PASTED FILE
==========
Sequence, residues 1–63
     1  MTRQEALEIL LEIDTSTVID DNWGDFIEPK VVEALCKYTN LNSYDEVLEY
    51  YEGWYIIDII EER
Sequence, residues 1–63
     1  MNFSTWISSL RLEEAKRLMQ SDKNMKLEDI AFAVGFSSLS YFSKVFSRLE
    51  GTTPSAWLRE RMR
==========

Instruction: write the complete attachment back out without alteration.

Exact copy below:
Sequence, residues 1–63
     1  MTRQEALEIL LEIDTSTVID DNWGDFIEPK VVEALCKYTN LNSYDEVLEY
    51  YEGWYIIDII EER
Sequence, residues 1–63
     1  MNFSTWISSL RLEEAKRLMQ SDKNMKLEDI AFAVGFSSLS YFSKVFSRLE
    51  GTTPSAWLRE RMR